The Senate yesterday passed a bill that would impose new sanctions on Iran and on companies that assist Iran’s oil industry. The legislation, S.2799, targets companies that supply Iran with gasoline and other refined products or help it to expand its refinery capacity. Although Iran possesses the world’s third largest oil reserves, it must import approximately 40 percent of its gasoline supplies because of a lack of refinery capacity. The House voted to pass similar legislation last month by a vote of 412-12.

The Senate vote came the day after nine senators wrote a letter urging President Obama to take stronger action to escalate pressure on Iran over its suspect nuclear efforts. The letter, which urged the administration “to do everything that is necessary to stop Iran’s acquisition of a nuclear weapons capability in the critical months ahead,” was signed by Republican Senators Jon Kyl, John McCain, Johnny Isakson, and David Vitter, independent Joe Lieberman, and Democratic Senators Evan Bayh, Robert Casey, Charles Schumer, and Benjamin Cardin.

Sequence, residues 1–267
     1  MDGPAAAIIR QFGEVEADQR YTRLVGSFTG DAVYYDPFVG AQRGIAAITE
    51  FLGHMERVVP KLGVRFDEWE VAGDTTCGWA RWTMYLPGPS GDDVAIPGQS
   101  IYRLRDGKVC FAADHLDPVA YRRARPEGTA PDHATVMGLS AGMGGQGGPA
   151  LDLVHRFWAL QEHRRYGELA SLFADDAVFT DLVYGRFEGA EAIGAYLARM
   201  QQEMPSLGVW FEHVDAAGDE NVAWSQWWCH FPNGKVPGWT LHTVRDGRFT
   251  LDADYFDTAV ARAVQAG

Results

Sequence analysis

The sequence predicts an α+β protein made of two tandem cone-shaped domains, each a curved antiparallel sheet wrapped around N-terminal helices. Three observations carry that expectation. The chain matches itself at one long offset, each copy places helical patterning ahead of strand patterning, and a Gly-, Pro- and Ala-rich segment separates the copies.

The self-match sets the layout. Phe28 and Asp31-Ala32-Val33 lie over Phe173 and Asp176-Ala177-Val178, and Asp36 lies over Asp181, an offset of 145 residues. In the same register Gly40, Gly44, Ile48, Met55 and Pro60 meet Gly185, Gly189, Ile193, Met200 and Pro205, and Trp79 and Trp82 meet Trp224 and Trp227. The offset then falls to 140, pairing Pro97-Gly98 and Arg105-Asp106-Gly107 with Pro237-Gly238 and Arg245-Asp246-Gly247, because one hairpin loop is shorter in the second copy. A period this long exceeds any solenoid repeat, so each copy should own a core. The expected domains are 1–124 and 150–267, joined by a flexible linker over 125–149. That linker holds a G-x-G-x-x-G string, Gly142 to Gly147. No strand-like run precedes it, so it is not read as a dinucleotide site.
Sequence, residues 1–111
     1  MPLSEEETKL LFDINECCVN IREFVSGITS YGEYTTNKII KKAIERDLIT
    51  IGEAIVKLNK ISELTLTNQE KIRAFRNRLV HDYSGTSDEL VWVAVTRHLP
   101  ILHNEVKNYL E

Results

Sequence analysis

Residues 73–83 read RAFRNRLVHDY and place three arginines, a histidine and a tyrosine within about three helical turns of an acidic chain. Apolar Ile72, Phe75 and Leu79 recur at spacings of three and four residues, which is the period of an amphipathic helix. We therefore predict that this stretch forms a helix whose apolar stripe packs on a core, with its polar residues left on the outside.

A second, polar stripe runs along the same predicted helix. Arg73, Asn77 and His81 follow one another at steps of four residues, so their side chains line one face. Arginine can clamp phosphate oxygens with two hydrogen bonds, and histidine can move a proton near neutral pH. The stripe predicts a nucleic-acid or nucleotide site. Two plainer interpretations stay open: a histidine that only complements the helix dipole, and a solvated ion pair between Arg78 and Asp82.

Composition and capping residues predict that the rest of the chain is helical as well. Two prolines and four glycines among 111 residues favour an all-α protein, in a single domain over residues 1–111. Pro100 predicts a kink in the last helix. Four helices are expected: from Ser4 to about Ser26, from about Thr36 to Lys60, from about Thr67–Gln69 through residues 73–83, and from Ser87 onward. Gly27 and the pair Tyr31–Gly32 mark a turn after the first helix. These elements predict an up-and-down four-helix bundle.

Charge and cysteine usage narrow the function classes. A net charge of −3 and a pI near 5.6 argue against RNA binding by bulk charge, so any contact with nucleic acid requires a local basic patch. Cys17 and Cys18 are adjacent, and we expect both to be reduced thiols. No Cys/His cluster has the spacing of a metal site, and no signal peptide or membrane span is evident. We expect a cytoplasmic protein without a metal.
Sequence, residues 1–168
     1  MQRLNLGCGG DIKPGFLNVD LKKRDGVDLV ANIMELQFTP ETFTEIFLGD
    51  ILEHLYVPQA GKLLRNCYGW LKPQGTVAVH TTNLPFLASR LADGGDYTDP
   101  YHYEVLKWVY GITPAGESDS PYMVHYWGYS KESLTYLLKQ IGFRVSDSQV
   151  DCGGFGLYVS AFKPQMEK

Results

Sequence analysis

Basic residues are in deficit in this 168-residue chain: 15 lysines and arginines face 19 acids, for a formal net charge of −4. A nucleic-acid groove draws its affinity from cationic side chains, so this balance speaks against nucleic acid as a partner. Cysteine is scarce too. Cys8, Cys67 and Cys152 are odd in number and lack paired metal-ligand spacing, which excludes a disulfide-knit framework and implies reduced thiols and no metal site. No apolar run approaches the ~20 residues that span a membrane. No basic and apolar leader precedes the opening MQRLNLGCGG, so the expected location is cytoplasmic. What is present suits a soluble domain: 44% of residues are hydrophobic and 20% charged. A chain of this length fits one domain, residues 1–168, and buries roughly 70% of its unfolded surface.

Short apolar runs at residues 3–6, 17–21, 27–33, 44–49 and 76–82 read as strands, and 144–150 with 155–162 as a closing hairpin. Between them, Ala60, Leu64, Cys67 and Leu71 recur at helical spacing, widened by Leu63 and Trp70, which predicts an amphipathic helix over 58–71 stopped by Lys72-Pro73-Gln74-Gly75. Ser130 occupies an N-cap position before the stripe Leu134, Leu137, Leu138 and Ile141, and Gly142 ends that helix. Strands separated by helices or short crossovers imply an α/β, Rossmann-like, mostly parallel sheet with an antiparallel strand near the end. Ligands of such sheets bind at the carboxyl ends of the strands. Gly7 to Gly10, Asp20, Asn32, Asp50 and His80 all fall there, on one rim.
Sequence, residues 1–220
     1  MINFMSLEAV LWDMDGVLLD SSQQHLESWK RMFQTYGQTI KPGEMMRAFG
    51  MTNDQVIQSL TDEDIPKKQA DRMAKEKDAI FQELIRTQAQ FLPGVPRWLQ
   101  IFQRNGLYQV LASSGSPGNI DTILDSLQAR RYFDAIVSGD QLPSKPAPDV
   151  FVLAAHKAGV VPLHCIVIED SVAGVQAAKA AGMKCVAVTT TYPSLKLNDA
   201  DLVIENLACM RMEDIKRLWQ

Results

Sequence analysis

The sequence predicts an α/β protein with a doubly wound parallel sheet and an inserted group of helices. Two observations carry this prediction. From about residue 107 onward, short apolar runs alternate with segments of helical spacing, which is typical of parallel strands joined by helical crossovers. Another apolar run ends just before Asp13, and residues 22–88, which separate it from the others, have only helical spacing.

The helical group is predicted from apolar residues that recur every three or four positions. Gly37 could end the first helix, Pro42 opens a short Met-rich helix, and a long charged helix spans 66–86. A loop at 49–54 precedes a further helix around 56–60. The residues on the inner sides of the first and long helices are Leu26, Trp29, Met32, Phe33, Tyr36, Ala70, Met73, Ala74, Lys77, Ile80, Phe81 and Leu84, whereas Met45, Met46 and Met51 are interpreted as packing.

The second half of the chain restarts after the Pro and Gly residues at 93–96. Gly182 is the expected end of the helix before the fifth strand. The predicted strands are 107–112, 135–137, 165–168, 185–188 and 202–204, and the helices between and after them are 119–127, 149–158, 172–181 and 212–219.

Meanwhile, the Obama Administration’s efforts to ratchet up pressure on Iran in the United Nations Security Council faces resistance from the usual suspects: China and Russia. The Wall Street Journal reported that the administration will push for enhanced financial sanctions on Iran and measures aimed specifically at Iran’s Islamic Revolutionary Guard Corps and its huge constellation of enterprises and front companies.

China, which has a growing trade relationship with Iran, has been dragging its feet on another round of sanctions. It forced a cancellation of a meeting of the five permanent members of the Security Council on Iran in December and only sent a low-level delegation to a meeting on that issue two weeks ago. Russia also has sought to dilute and delay any sanctions at the Security Council. Yesterday Moscow signaled that this resistance is likely to continue: a top arms trade official issued a statement that reassured Iran that it is a valued market for Russian arms exports and noted that no international agreements bar Russia from selling weapons to Tehran.

This is one more sign that if and when the United Nations Security Council takes action, it is likely to be a day late and a dollar short.

For more on Iran, see: Iran Briefing Room